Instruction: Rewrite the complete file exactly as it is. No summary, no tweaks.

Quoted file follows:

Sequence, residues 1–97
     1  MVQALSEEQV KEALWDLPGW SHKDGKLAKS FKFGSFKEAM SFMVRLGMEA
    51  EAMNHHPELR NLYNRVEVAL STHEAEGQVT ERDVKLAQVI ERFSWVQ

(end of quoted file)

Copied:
Sequence, residues 1–97
     1  MVQALSEEQV KEALWDLPGW SHKDGKLAKS FKFGSFKEAM SFMVRLGMEA
    51  EAMNHHPELR NLYNRVEVAL STHEAEGQVT ERDVKLAQVI ERFSWVQ